Those legitimately impeded can acquire the same indulgence, if they spend some time, e.g., at least a quarter of an hour, in reading and meditating on the Passion and Death of Our Lord Jesus Christ.

TLDR version: ALL you have to do, beyond the usual conditions, is have fourteen crosses, move from one to the next if possible, and meditate on the Passion of Jesus.

But many of the sets and activities suggested for kids don’t have crosses or movement. This doesn’t mean they aren’t beautiful and amazing and won’t definitely teach your children about Jesus and help your family grow in devotion to the Passion. But it does mean you aren’t meeting the VERY SIMPLE conditions for the indulgence. So you are certainly getting a great effect right now, but you’re missing out on the amazing, bonus, eternal effects of the practice. If my family and I can, by our Lenten devotions, help free souls from purgatory . . . that’s pretty amazing. I want that.

If I end up in purgatory, I certainly hope there are still people on earth who care about getting indulgences. And if I make it to heaven someday, I sure hope I get to meet a whole bunch of people who were helped to get there by MY family’s prayers and devotions.

Another way to look at the Manual of Indulgences is as an instruction book. Our magisterium sat down and wrote up a book of best practices, a How-To of practicing various devotions so that they are most efficacious to us. It might seem like a silly distinction, with crosses or without crosses, what does it matter? But the Holy Father, through the Apostolic Penitentiary, did think it mattered. So, as for me and my house, we’re going to listen.

We lucked out in that whoever designed the crafty set of stations we’ve had for many years DID know about the crosses, even though I didn’t! If you’re looking for a Lenten project, those stations are still available here. If you’d like something a LOT quicker, I’ve got a set of Stations of the Cross coloring pages that each have a cross on the page, in addition to beautiful vintage line art illustrations. You can print those out, and color them or not, maybe even get them laminated if you’re into that sort of thing, and hang them up indoors or out to super-charge your family Stations of the Cross! I’ve also got a Stations of the Cross booklet that contains those same crosses and illustrations, plus call and response prayers (kids LOVE those), short Bible readings, short meditations based on those of St. Alphonus Ligouri, and verses of the Stabat Mater hymn, and some info on how and why we do it. This version takes us about 20 minutes. YOu can grab it as a paperback here, and is also part of the Catholic All March paperback booklet. It’s here as a printable PDF.

So, all that is a big long lead-up to the fact that the latest installment of the Catholic All Year Liturgical Living Series is up . . . and it’s all about living dangerously with small children, open flames, and the Stations of the Cross!

I hope you guys are enjoying these videos! We enjoy making them. As always, your purchases from the Catholic All Year shop support their creation.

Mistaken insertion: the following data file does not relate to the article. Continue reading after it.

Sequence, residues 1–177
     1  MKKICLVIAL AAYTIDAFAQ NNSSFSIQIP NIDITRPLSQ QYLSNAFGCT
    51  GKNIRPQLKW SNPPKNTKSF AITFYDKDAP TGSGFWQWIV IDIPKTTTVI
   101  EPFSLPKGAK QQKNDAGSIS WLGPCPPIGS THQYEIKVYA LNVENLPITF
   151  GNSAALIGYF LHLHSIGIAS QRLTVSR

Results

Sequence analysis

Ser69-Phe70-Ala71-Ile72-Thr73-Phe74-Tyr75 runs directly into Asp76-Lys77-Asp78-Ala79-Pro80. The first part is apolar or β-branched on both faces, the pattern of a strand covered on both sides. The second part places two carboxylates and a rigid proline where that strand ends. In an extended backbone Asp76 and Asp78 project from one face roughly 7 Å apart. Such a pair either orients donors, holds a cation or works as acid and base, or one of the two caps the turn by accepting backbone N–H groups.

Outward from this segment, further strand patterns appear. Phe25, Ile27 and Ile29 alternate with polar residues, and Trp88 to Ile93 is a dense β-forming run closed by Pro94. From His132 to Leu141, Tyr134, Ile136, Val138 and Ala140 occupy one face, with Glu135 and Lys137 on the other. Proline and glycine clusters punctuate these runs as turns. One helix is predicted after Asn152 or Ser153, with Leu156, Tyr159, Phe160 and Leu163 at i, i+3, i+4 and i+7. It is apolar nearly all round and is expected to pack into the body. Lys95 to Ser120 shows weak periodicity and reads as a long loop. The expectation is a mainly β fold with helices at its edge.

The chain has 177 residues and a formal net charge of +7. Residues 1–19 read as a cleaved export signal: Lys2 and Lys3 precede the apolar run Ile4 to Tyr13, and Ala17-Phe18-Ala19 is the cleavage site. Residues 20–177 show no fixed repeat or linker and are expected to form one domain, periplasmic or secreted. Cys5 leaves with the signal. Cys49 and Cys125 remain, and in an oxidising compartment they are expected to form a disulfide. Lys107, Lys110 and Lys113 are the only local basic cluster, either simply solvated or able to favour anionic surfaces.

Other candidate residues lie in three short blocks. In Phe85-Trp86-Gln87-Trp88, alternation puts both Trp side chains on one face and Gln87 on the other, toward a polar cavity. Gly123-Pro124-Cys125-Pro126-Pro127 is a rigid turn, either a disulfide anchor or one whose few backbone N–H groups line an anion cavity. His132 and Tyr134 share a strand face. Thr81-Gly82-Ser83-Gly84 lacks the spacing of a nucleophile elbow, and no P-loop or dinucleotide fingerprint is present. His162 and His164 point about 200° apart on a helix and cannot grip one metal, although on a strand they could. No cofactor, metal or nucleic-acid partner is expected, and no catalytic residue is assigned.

And, I promised you a bonus video. We did our weekly Lenten Stations of the Cross last year, as usual. But for whatever reason, they had a bigger than usual effect on then-2-year-old Mary Jane, and then-4-year-old Lulu. Their favorite little game became playing Stations of the Cross, but they would only do it in SECRET. If you happened upon them, they would stop, and just giggle, like this:

But finally, Gus caught them on video, by being very stealthy, and sometimes hiding behind walls. They’re just holding random books, and stopping in front of various religious objects in the house. 😆

There are Easter decorations up, because they were still going strong with their Stations of the Cross after Lent. Lulu says, “Dear Jesus, it must’ve felt so bad when you had to carry the heavy, heavy cross. It must’ve hurt your feelings and all that stuff, too.” 😂😂

So, the Stations of the Cross . . . if you’ve been doing them, consider making sure you’re doing them all the way, and if you’ve never tried them, maybe this is the year to give it a go?!

Related Posts:

Lent vs Advent: Penance or Preparation, Counting Down or Counting Up

Taking Up Something for Lent

Outside the Box: 66 Things to Give Up or Take Up for Lent (in beginner, intermediate, and advanced)

Related Products:

Catholic All March Prayer Booklet
Stations of the Cross Booklet
Stations of the Cross Coloring Book
Holy Week Meal and Activity Planner (only $1)
St Joseph Prayer after Grace for March
Counting to Forty after Grace/ Simple 1-Page Lent Countdown Calendar
The Printable Lent DIY Bundle includes a Clipart Lent Countdown Calendar, Voluntary Lenten Discipline pledge sheets for groups and individuals, inspirational Lent quotes and posters, and a Lenten Sacrifice Bean Jar label.


  1. Lisa

    So these crosses…are there any requirements for material? Must they be wood or metal or could they be paper (like, printed and cut out by children so I don’t go crazy hunting down or carving crosses right now )?

    • Kendra

      It is my understanding that they can be made of anything. That’s the entire section of the Manual of Indulgences that I quote in the post. And it doesn’t say anything about required materials.

  2. Amanda